Cape Town, South Africa’s second-largest city, is in talks with Eskom Holdings SOC Ltd. to take over the supply of electricity in areas of the metro served by the state power utility.
(Bloomberg) — Cape Town, South Africa’s second-largest city, is in talks with Eskom Holdings SOC Ltd. to take over the supply of electricity in areas of the metro served by the state power utility.
The municipality oversees the provision about 70% of the power used in the city, with the remainder falling under Eskom. The discussions, which started about a year ago, form part of Cape Town’s plans to reduce its reliance on the beleaguered utility that’s subjecting the nation to record blackouts.
“We want to supply the entire city,” Mayor Geordin Hill-Lewis said in an interview. City officials are “engaged in some rather delicate negotiations with Eskom” and are awaiting written confirmation as to whether its board wants to proceed with the project, he said.
Cape Town, which is the country’s main tourist hub and has been led by the opposition Democratic Alliance since 2006, has the most advanced plans to secure its own power. It requires peak supply of 1,700 megawatts in winter and 1,600 megawatts in summer, said Kadri Nassiep, the city’s executive director for energy.
Eskom imposes outages in numbered stages, with each equating to 1,000 megawatts of national demand. Cape Town currently protects businesses and residents in city-supplied areas from about two levels of power cuts by utilizing generation capacity from a hydropower plant that it operates. It aims to secure sufficient additional supply to avoid the first four stages of blackouts.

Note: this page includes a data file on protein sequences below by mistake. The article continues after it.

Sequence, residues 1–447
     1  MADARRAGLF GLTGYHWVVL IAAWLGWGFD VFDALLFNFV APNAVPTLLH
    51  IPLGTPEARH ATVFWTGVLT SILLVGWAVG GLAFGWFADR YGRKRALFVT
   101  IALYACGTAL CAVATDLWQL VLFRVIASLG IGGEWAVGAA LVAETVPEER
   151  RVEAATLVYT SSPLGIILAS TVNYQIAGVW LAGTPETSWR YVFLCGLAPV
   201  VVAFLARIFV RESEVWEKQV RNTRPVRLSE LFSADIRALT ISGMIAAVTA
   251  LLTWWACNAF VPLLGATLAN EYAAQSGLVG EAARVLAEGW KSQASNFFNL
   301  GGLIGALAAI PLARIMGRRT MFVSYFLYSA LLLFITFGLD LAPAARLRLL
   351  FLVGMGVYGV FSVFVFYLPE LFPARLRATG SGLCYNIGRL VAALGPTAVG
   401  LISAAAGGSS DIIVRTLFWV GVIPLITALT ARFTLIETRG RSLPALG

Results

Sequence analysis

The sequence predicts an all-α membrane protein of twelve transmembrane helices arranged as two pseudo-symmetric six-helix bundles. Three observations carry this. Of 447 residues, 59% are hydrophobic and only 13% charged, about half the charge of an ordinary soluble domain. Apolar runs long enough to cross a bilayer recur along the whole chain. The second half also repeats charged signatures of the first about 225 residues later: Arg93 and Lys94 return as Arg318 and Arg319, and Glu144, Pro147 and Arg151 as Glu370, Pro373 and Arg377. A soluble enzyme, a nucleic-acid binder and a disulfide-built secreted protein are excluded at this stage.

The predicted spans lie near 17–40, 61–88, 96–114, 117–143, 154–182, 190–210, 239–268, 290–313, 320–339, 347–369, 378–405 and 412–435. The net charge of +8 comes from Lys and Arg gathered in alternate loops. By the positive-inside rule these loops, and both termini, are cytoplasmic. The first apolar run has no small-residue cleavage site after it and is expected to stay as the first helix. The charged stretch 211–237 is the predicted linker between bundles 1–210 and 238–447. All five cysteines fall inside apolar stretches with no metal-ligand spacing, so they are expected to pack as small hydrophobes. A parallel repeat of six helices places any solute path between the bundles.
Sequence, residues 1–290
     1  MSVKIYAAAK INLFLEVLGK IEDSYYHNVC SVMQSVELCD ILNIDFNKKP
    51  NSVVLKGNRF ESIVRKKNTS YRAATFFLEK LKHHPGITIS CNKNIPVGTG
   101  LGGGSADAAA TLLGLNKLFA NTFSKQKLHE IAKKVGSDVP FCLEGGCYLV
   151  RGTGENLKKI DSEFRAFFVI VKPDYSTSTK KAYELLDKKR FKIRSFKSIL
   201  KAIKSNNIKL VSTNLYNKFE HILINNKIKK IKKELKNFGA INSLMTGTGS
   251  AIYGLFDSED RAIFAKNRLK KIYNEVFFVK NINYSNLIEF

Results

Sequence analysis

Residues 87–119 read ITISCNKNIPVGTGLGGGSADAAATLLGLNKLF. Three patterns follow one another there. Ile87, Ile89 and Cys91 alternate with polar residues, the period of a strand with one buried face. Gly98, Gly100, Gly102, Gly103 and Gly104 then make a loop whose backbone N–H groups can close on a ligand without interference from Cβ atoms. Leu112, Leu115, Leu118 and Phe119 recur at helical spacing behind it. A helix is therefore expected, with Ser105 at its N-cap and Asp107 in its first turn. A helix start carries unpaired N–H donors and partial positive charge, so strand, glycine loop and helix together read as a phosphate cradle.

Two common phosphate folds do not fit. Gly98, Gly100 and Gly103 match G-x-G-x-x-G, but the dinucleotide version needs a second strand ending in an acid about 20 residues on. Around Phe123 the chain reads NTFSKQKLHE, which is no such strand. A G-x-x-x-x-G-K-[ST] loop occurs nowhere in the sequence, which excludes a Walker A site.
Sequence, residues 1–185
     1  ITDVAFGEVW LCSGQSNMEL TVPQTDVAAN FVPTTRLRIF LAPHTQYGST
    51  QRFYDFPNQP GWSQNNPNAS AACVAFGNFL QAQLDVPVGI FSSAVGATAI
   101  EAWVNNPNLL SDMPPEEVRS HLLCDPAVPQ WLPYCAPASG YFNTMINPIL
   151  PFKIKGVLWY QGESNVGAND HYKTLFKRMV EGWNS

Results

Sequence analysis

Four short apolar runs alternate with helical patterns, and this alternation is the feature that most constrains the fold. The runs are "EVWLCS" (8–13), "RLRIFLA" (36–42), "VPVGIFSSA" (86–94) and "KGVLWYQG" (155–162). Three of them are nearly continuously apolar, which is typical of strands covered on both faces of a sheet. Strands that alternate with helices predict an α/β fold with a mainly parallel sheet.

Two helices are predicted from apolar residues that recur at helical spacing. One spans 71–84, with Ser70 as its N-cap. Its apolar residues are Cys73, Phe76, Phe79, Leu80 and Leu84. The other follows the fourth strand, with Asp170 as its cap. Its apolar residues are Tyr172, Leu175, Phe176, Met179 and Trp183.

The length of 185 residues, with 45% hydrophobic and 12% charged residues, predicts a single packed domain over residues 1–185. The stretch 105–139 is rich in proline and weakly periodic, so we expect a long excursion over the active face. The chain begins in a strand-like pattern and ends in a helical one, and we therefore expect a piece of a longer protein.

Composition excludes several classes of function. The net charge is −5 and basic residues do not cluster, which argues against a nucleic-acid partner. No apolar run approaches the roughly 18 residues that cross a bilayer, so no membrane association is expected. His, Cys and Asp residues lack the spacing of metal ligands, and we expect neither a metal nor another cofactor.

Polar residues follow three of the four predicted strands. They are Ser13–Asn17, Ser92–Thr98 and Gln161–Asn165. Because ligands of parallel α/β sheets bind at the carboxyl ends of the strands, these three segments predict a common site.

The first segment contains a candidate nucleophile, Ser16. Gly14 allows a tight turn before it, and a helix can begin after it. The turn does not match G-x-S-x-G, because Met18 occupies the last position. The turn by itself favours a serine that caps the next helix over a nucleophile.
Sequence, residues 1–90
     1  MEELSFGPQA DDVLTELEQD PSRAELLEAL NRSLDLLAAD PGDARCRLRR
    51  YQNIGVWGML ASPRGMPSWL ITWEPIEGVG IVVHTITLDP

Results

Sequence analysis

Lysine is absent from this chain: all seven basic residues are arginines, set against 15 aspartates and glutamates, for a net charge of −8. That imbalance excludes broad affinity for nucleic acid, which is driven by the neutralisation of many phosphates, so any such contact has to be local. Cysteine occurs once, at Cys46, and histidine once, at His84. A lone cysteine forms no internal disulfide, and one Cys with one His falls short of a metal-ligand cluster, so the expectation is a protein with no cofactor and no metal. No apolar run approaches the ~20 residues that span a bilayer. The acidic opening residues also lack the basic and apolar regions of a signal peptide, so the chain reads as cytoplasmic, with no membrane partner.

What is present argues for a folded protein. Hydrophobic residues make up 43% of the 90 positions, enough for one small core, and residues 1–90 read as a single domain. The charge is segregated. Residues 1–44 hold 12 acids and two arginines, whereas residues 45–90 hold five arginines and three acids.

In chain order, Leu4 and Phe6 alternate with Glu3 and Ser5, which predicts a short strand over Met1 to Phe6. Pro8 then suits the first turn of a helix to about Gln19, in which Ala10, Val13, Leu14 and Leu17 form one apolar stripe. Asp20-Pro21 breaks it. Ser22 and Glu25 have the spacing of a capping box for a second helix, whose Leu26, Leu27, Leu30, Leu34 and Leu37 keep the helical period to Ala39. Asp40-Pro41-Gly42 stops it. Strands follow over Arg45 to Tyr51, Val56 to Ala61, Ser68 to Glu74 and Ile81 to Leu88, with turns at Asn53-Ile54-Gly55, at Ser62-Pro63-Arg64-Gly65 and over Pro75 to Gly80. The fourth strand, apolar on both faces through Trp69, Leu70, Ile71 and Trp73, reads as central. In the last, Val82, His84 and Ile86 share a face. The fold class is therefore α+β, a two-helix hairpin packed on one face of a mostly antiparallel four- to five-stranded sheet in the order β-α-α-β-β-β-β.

South Africa’s electricity supply areas are determined by law, and holders of distribution licenses have exclusive authority to provide power and operate electricity networks in specific zones, Nassiep said. The city will have to budget for infrastructure development and maintenance, taking over customer debt, addressing connection backlogs, bolstering capacity and challenges associated with electrifying informal areas in zones it intends to take over, he said.
The timing and price for the takeover of infrastructure in Eskom-supplied areas has yet to be agreed. The city will consider funding the initiative through capital expenditure, issuing debt, using national infrastructure grants and drawing down on some revenue it generates from property rates and taxes, Hill-Lewis said.
Eskom acknowledged that Cape Town had expressed an interest in taking over some of its operations. A mandate for continued discussions is being “revisited” within the company’s governance structures, it said in an emailed response to questions.
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